Heads Will Roll in Austin
By Paul Myerberg // Dec 3, 2010
While heads will roll in Austin following a disastrous 5-7 finish, we can be sure of one thing: it won’t be Mack Brown’s head on the chopping block. Not yet, at least. If the Longhorns fail to turn things around in 2011, however, one can be sure that the calls for Will Muschamp — calls already gaining in volume — will reach a full-throated roar. To ensure that Texas does return to the nation’s elite, Brown will be forced to make some very difficult choices. It’s entirely unlike Brown to throw any of his assistants — including those dating back to before Texas — under the bus, but after scuffling through such a poor season, he might not have a choice.
Early rumors are that Greg Davis will not return as offensive coordinator, though the university has stated that Brown is still evaluating his options:
No decision has been made regarding the fate of Texas coordinator Greg Davis, a Texas program source told The Dallas Morning News Thursday. The source told the Morning News that head coach Mack Brown continues his postseason evaluation regarding the 5-7 disapointment of a season. And, the source emphasized, no calls have been made about who goes, including Davis, Brown’s offensive coordinator at Texas since his arrival in 1998.
The article makes another fine point: these rumors are nothing new. Davis was supposedly on the outs in 2003 — though U.T. scored a then-school record 533 points that fall — but survived, eventually retooling the offense to better fit Vince Young’s immense skill set over the 2004-5 seasons.
I would be shocked if Davis escaped this time. It’s simply too hard to fathom Brown not making at least one change on his offensive staff; it would seem that Davis, whose offense sputtered throughout the fall, could be replaced both as a gesture on Brown’s behalf — that he is willing to change — and a way to beef up U.T.’s paltry offensive attack.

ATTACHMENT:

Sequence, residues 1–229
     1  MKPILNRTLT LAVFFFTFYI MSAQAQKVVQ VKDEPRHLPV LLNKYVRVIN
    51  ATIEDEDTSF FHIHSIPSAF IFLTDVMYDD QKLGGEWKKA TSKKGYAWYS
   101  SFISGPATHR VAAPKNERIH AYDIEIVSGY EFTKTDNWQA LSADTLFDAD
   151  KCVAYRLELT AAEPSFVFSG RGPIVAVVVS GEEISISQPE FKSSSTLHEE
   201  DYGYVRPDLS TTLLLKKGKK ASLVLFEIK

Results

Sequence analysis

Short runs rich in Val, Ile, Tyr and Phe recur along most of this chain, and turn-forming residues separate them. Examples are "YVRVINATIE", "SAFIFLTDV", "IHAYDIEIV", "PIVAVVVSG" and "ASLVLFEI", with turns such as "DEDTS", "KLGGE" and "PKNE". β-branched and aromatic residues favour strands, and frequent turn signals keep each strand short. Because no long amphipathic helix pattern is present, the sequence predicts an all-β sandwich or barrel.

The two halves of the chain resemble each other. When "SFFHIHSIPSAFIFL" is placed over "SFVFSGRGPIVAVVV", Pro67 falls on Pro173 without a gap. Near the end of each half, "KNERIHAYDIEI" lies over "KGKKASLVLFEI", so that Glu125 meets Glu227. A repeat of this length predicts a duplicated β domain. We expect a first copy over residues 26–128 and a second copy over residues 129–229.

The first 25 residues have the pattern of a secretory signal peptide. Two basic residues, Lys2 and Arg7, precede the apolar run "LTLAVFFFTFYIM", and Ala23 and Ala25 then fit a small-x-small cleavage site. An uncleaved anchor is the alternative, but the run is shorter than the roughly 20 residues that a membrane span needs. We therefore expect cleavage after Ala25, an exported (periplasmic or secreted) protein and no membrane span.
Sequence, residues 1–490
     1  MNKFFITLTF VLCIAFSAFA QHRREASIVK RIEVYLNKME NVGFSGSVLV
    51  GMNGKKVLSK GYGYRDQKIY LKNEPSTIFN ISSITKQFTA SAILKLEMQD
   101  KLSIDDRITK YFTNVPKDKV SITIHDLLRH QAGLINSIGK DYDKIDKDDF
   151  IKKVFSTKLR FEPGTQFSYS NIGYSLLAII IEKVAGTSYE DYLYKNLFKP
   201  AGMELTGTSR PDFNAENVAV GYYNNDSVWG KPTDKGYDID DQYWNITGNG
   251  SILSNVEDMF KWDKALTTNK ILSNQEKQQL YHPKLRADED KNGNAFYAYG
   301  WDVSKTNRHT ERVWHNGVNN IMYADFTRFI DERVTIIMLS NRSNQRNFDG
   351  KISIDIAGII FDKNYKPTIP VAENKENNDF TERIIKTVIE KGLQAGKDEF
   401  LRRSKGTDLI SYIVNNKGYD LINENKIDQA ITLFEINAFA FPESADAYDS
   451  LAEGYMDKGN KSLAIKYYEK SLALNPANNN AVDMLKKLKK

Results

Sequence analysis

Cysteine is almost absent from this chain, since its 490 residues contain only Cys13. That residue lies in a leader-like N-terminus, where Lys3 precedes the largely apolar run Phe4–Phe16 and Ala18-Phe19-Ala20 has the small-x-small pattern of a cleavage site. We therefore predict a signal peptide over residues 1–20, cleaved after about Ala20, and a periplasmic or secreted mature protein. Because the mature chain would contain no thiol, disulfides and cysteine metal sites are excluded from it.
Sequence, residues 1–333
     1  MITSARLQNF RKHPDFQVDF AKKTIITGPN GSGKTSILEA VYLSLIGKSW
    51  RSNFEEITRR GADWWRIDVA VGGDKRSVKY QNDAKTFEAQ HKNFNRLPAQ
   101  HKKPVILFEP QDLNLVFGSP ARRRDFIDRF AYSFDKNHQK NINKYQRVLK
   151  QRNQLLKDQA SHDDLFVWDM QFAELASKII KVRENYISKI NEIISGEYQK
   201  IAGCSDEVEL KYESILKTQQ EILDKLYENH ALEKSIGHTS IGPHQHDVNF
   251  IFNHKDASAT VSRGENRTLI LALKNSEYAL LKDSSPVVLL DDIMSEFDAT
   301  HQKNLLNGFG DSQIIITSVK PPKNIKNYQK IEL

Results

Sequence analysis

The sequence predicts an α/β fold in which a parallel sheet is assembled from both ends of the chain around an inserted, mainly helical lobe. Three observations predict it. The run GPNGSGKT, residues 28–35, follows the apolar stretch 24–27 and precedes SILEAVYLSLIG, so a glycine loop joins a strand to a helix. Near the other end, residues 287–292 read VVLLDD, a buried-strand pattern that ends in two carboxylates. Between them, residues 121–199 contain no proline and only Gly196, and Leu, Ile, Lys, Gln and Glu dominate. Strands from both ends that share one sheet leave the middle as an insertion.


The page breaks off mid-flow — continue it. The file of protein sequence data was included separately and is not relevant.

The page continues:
If Davis does go, will he be the only assistant replaced? It doesn’t seem likely. There’s always Mac McWhorter, of course: the U.T. offensive line coach needs to be held accountable for the play of a talented front five that never embraced the mentality needed to run the ball with authority.
All U.T.’s problems began up front in 2010; in a sense, it might be more vital for Brown to hire a new offensive line coach than a new offensive coordinator. Let’s not go that far: it would be best for Brown and Texas to make a fresh start at both spots, perhaps even making a complete overhaul of the entire offensive staff.
That’s a stretch. Bobby Kennedy does a fine job coaching the U.T. receivers. Major Applewhite might very well be U.T.’s next offensive coordinator — even if he’s not, Applewhite is very useful both as a position coach and in living rooms across the state. Still, Texas needs to think big.
Like Dana Holgorsen big, perhaps? That would be one enormous move for Brown: imagine a coaching staff with Holgorsen directing the offense and Muschamp the defense? That’s some scary stuff — perhaps that pair could lift U.T. to bowl play. That’s me trying too hard.
But my points stands. It’s not necessarily that heads will roll in Austin; we knew the end was near for several assistants once a losing season was guaranteed. The biggest move, the most important move, is how Brown decides to rebuild his offensive staff. This will be his final staff, by all accounts. He needs to make it count.
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